If you put yourself in the public eye and open to criticism of your work, and criticism comes from an unexpected place, do you run and hide? Yeah, that’s what I would do.
Lately some of my books have really been flying of the shelf. Well, flying off the mantle they are on. They are in a salon that is in an old house, which for Pensacola is normal. When residents leave, business owners move in.
Don’t get too excited. Those words don’t mean my books are the hottest commodity at the salon. Those words should be taken literally. Literally as in they are literally flying off the shelf, or in this case mantle.
Last week when the owners arrived at the shop one of the books appeared to have fallen on to the floor. The other book appeared to have leaped to its death. It’s final resting place was 6 feet across the room.
No windows were left open, and the book is too heavy to be blown anywhere. It would take great heft or hate to move that far.
I suspect the latter.
Since learning of the leaping, nay flying, books, I have been pondering whether the books are trying to escape or perhaps a ghost finds them unreadable.
Perhaps the ghost is a literary critic and she/he hates my book. But the book wasn’t written by a ghost writer. Yours truly penned every word and is proud to say so.
My story has no ghost stories in it, so they can’t be looking for relatives, or long lost family members.
Perhaps the ghost thinks it is related to one of the characters in the book. The book is, after all, a book by southern women about southern families and the characters resemble many people from different periods of time in the South.
Great! I knew I probably had critics out there in the world, but daaahm. Do I have them in the netherworld too?
Not only can I have haters in this world, now it’s possible to have them in a previous world.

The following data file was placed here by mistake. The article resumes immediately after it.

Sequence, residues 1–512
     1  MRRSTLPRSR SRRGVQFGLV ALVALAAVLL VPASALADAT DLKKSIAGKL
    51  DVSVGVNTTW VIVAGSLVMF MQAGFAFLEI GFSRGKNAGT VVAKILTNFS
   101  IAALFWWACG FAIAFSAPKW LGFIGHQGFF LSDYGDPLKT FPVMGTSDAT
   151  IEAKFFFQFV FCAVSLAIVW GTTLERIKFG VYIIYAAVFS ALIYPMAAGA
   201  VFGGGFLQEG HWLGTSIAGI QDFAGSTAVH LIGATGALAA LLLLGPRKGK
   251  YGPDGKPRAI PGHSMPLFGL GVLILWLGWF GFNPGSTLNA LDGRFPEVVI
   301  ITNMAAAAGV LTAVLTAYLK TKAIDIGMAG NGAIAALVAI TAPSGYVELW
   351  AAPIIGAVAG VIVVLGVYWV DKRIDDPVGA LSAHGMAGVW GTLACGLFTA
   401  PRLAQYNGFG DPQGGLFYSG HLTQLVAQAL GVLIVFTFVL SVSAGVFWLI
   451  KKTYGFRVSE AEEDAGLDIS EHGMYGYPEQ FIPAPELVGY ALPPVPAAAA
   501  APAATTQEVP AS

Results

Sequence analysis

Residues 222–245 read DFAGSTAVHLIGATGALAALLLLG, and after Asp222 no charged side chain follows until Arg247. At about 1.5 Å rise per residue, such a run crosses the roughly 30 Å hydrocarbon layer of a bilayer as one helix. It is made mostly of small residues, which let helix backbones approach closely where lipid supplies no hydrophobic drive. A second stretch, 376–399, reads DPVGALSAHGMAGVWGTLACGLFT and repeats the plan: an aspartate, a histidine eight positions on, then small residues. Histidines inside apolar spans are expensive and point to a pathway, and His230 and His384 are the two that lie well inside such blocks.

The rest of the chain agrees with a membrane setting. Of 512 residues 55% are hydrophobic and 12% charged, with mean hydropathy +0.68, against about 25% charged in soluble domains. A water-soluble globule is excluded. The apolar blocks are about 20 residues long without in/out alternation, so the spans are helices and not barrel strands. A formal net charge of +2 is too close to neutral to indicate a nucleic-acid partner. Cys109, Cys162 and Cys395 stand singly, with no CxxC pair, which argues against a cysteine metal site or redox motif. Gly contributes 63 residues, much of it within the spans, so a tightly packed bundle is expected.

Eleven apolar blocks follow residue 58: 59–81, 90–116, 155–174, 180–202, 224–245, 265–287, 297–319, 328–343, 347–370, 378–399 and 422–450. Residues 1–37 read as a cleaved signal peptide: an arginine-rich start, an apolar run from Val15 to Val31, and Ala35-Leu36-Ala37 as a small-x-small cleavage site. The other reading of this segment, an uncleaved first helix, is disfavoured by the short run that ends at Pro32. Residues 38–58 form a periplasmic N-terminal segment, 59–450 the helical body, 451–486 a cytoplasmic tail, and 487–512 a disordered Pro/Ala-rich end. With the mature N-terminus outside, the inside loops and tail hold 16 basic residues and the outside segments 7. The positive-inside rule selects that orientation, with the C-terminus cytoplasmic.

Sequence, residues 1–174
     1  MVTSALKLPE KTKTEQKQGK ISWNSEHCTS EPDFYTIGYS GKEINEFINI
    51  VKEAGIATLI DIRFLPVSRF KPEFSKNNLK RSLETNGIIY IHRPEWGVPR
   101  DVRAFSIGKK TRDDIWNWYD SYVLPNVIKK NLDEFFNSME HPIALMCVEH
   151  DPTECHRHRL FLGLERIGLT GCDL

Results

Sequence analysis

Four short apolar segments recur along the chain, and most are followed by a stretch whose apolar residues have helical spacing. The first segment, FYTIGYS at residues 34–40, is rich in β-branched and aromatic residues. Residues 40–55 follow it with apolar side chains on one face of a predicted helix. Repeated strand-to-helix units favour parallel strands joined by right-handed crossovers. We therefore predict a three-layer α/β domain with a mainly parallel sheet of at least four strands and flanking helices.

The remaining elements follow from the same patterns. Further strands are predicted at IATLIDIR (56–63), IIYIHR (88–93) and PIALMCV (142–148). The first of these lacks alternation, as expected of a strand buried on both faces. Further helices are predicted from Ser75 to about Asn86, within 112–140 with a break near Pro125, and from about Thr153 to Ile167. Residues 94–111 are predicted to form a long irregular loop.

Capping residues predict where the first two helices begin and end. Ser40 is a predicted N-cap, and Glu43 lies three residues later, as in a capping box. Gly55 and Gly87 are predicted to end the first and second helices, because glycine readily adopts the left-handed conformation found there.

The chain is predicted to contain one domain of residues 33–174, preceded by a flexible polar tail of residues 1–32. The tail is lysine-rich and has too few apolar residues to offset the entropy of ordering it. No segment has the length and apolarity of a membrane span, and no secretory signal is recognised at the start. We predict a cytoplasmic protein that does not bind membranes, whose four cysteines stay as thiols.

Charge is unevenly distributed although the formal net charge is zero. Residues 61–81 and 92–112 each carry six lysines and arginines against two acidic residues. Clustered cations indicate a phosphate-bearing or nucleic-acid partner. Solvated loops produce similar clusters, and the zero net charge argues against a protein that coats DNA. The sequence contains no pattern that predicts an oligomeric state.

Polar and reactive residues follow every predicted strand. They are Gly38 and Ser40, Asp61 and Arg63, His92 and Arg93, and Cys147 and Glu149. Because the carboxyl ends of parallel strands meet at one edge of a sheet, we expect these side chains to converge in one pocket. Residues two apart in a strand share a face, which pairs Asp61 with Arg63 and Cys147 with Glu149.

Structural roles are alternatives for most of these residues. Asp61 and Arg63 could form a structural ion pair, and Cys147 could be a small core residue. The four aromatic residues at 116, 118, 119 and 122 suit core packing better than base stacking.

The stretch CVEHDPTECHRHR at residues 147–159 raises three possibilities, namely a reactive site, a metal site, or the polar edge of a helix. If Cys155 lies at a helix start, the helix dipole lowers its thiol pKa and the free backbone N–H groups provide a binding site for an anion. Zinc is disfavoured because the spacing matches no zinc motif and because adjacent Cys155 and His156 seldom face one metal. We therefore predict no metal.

How can a ghost hate a book that was written after her demise, assuming the ghost is female?
Has the ghost actually read the book?
What gives her the right to fling my books about hither and yon? I believe my copyright may allude to that being illegal.
Is she one of those women who throws things when she’s angry? Is my book the closest object to her hand when she’s angry? Is she using it to kill her dead husband, avenge a hundred year old wrong, or make some other point? And what point exactly is she trying to make?
I can take the heat/hate from critics of this world, but how can I defend my words against haints from another world?
My fears thrive without ghosts.
I am my own worst critic and can tell myself that my writing sucks.
I don’t need help in that area. Writers are known to be self-judging, insecure, drunkards.
My fears are now in hyper mode making me more insane and confused that ever before.
If there is one haint critic, what’s to say there aren’t more? These old southern houses are haunted, and now reoccupied by living souls. This means multiple critics can and may exist from multiple centuries in one house. As if I need that to worry about.
From the life and mind of Wanda M. Argersinger
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